Friday, December 16, 2011
What a beautiful way to spend a Friday evening. One hour and 40 minutes that I don't want to get back. On the contrary, I want to lose myself again in the grand simplicity of a bygone era.
A glance, a tear, the swell of the strings, a smile, a rampant drum beat - all of these things used to convey what's happening and how you should feel in that moment while watching the scene. I was mesmerized. There was a moment when I realized my cheeks were aching. It was from smiling. I was there, present and along for the ride. I couldn't take my eyes from the screen. What a fascinating gamble that actually paid off.
I’d been wanting to see The Artist for at least two weeks. I have to say it was worth the wait even though now that I've seen it I wish I hadn't waited so long.
As people filled the seats of The Paris Theater I was concerned. I won’t lie. I hate going to the movies in New York City. The people are rude and inconsiderate most of the time. That is, I find, until we hit Oscar season. Oscar bait films don’t draw the same texting, cell-phone-answering/talking, baby-bringing, sitting-in-my-own-living-room kind of crowds that say a summer blockbuster draws; I doubt Mr. Transformers is going to rush to see Meryl Streep in The Iron Lady. For $13 a pop I want to be able to enjoy the film without the added soundtrack of someone else’s bullshit. I’ve gone off on a tangent, but it has to do with silence. The Artist is silent. There are no loud explosions or crashing vehicles to cover the ambient noise. Only a resplendent score and that’s not going to cover it.
Let me tell you, there was plenty of ambient noise when I sat down. The unwrapping of plastic candy wrappers, the juggling of packages from holiday shopping, the bitching and moaning about traffic, the crunching and chewing and slurping. That is to be expected, but I realized that if it continued during the film it would be a detriment to my mental health and physical enjoyment. Thankfully, I can report that it didn’t continue. We as a collective sat and watched a silent film. It must have been what audiences in the 1920’s did when there were no cell phones and people dressed for a night at the cinema. We laughed together and at times gasped together. It was like breathing as one. We applauded together at the end. And guess what, no one’s cell phone went off and no one pulled out their cell to check the time or to text. Insert satisfied, smiling face here.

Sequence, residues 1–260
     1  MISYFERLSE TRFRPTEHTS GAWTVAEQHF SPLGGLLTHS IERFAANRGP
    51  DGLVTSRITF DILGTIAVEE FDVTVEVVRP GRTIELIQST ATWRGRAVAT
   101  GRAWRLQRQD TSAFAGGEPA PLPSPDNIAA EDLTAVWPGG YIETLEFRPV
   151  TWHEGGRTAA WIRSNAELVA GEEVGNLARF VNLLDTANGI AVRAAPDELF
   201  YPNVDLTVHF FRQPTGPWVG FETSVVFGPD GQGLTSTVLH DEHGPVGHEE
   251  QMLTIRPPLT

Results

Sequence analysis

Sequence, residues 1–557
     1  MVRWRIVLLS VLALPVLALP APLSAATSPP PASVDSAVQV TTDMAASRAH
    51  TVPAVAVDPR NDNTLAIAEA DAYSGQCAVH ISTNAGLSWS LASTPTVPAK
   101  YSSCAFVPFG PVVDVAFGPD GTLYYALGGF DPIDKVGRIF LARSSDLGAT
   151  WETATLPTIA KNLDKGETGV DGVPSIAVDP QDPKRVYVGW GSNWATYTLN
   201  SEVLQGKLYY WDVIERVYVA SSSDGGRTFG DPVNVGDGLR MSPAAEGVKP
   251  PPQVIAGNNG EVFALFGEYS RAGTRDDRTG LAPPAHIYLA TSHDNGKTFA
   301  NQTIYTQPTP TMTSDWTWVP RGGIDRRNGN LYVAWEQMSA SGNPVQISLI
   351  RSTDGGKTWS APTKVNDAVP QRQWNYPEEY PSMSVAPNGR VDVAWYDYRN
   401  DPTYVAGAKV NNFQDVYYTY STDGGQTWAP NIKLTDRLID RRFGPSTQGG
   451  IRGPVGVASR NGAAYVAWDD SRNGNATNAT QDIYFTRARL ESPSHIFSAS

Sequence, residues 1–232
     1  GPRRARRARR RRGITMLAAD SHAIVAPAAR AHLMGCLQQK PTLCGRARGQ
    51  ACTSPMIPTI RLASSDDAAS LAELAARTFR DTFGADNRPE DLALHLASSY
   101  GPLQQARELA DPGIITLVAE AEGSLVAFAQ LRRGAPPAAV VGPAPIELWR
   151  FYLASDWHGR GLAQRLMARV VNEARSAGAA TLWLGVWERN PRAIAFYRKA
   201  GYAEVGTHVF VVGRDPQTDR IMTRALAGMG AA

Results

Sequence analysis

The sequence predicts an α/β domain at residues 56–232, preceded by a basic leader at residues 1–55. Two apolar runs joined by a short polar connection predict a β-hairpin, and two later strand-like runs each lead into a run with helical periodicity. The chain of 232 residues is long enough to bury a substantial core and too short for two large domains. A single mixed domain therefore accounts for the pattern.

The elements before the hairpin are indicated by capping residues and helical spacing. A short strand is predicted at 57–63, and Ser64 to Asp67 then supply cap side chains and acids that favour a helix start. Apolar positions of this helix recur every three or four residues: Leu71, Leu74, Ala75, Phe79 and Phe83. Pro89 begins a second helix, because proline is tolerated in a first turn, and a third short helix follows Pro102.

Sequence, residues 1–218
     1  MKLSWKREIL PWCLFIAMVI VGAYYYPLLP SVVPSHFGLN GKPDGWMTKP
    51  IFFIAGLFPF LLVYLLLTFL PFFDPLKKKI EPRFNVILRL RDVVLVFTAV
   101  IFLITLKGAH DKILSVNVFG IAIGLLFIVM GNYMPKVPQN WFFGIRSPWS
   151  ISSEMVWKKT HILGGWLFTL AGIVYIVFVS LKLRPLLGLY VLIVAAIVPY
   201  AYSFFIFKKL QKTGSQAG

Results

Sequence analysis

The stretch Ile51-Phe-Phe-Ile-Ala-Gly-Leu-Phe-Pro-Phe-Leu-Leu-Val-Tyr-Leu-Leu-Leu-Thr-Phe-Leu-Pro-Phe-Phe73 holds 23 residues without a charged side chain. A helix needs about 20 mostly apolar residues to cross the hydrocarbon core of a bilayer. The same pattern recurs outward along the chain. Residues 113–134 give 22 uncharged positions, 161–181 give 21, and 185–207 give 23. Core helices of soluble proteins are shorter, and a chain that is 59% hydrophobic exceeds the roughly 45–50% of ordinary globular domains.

Pure escapism is what it was. I know you may be thinking, “Why would I want to sit through a silent film?” To be entertained is the reason, and to see what a film maker can do when the idea of revisiting a moment of cinema history comes to fruition for today's audience.
The story is exciting, funny, heartbreaking, triumphant. Boy meets girl. He’s a movie star, she’s a fan. From obscurity she is plucked and to obscurity he falls. Just as her star begins to soar toward the heavens his begins to descend. We’ve seen the story before, but not like this. Not in silence. As for that music that guides my emotions, it is exuberant from overture to final scene, full of life and movement.
For me, the experience was delicious and one worth repeating, from the first frame to the last, with surprises and unexpected moments thrown in. I enjoy revisiting the past. Classic films are some of my favorites. Film making has come a long way since the days of silent pictures, but when something works, it works. I felt exactly what I was supposed to feel without a word being spoken.
Silence does speak volumes.